The area is very sandy, and is now part of Sandbanks Provincial Park.

A large man-made mound was discovered on the shoreline walking towards the bay.

A large man-made mound was discovered on the shoreline walking towards the bay.

Further along the river, I came across what looked to be a man-made mound in the forest on the banks of the river. Some cut logs were supporting it, but the date of this structure is unknown.

Some cut logs were supporting the mound structure. Date unknown.

Some cut logs were supporting the mound structure. Date unknown.

Following the river to where it empties into the bay, this is where the gold-laden French ship apparently was beached and burned.

Following the river to where it empties into the bay, this is where the gold-laden French ship apparently was beached and burned.

This is the beach where the ship apparently was burned to avoid being captured.

This is the beach where the ship apparently was burned to avoid being captured.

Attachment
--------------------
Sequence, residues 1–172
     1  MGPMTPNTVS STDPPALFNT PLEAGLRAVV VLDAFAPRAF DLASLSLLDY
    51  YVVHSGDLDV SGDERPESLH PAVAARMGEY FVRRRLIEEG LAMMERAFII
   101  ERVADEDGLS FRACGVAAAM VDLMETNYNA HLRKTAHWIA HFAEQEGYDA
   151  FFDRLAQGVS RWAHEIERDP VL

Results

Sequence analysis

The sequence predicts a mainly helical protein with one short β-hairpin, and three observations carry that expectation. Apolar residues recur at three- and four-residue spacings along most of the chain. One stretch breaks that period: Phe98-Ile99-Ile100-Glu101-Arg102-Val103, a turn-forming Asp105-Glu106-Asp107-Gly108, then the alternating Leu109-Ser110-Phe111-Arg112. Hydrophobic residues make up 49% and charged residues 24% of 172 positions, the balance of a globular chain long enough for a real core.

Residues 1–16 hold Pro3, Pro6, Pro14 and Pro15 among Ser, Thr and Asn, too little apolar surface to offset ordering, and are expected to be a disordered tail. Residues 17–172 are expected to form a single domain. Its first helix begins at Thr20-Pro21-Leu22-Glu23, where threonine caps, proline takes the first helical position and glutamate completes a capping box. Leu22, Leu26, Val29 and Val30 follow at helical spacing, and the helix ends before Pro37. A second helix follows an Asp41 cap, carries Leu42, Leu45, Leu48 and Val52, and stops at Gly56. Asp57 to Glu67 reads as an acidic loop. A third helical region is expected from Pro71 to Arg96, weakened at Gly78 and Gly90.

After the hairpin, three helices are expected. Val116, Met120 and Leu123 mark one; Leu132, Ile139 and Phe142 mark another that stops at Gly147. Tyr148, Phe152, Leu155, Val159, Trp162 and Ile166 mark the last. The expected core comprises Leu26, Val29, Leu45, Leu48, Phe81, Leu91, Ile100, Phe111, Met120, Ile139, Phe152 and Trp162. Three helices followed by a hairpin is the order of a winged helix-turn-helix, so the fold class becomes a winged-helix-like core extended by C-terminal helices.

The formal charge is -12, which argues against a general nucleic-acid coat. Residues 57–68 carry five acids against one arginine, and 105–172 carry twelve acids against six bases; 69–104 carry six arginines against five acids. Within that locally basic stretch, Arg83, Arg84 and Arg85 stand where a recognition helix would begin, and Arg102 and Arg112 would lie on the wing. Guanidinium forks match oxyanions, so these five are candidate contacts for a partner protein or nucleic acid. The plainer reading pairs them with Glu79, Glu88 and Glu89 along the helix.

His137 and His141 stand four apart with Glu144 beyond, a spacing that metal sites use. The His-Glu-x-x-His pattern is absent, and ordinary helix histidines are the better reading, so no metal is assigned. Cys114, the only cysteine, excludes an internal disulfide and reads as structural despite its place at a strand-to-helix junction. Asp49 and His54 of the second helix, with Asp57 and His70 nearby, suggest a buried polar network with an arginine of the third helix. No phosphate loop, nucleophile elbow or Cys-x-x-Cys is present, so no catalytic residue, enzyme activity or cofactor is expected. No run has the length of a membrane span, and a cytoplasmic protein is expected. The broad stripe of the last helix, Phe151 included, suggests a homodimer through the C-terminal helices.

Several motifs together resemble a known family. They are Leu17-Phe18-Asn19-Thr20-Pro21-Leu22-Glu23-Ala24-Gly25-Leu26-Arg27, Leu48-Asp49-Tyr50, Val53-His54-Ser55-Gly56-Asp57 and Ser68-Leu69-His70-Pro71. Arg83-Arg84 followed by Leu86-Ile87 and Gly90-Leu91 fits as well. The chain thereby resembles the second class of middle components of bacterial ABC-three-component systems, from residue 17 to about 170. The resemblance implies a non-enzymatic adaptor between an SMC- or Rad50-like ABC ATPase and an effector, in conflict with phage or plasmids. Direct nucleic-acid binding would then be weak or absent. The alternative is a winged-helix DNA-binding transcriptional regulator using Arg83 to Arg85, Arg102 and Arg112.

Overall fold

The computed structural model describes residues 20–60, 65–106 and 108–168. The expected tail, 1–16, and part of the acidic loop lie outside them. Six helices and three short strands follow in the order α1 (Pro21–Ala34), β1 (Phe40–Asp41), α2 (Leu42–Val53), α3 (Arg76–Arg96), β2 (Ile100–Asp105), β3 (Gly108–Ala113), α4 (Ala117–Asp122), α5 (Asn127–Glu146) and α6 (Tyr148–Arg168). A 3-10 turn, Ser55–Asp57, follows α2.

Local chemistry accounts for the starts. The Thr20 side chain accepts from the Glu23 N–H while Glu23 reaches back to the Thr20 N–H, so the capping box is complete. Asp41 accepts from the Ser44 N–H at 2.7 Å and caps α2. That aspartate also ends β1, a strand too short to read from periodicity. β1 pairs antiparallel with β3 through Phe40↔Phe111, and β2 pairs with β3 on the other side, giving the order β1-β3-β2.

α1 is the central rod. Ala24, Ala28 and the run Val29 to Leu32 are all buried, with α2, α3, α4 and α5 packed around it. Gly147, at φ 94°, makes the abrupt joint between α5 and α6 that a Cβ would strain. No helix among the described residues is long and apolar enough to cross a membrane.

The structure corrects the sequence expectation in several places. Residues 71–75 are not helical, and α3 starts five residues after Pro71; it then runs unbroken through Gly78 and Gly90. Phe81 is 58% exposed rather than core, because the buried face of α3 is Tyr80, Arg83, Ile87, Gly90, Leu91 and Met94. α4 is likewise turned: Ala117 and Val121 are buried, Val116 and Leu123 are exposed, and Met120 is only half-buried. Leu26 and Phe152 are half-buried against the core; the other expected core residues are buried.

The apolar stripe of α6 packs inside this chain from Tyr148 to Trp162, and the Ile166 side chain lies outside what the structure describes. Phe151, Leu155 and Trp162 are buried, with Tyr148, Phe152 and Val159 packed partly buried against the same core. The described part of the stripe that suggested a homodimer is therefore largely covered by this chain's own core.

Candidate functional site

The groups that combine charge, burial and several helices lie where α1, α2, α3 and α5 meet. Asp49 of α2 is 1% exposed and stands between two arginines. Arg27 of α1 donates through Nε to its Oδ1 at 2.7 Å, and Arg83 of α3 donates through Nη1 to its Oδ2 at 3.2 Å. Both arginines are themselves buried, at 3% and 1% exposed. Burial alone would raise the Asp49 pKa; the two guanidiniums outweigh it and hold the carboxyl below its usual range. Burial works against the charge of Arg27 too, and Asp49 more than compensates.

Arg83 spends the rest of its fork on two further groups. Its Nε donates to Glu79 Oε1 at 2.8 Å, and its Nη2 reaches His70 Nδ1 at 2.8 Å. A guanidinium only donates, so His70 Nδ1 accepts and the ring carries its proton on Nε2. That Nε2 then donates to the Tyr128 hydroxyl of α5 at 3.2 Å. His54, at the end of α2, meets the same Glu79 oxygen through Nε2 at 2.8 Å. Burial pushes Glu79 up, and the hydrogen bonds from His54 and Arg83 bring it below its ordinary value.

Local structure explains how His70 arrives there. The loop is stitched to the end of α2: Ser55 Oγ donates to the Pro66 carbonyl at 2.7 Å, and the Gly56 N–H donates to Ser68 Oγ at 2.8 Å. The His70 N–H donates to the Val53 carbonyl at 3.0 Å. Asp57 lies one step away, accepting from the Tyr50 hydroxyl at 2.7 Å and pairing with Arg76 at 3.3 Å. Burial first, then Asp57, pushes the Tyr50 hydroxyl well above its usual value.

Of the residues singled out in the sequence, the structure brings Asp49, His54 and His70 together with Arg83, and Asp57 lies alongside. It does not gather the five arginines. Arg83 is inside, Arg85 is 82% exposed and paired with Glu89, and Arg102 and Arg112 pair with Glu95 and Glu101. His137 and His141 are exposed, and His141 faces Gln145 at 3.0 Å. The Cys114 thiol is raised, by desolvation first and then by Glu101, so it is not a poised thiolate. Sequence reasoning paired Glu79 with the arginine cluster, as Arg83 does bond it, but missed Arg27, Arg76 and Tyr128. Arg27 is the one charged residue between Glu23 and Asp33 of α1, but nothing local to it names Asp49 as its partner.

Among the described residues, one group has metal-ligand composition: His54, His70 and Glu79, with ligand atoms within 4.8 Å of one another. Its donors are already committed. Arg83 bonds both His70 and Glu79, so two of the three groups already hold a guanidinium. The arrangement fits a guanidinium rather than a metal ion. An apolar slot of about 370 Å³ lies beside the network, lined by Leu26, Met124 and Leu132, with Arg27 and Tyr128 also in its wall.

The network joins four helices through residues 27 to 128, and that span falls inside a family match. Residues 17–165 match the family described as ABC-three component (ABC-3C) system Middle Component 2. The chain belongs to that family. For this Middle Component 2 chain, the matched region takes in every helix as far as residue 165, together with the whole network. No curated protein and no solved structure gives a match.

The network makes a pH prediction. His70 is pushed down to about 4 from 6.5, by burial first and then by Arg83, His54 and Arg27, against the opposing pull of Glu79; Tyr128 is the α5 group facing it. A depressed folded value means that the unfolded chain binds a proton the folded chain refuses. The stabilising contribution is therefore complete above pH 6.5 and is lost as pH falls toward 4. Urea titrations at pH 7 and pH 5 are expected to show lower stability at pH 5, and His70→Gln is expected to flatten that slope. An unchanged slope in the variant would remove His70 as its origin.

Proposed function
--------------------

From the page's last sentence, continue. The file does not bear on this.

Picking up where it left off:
Looking out towards Lake Ontario and Sandy Bay.

Looking out towards Lake Ontario and Sandy Bay.

Reaching the end point of the quest, which was actually the start point for the French captain in 1758, no gold was recovered nor were there any further clues to investigate. The empty land is part of Sandbanks Provincial Park, and remains as a beautiful place to walk and fuels the imagination as to what may have happened all those years ago according to the recorded tale below from 1892:

image-1

Having successfully re-traced the reported path of the French captain from 1758, the gold could very well still be buried under the shifting sands of the area, and perhaps it will remain as it has for the past 250 years….a LEGEND OF LOST GOLD.

SOURCES

“Picturesque Prince Edward County”, 1892, by Helen Merrill

Google Maps

Hastings and Prince Edward County Historical Atlas, 1878

http://en.wikipedia.org/wiki/John_Bradstreet

http://en.wikipedia.org/wiki/Seven_Years’_War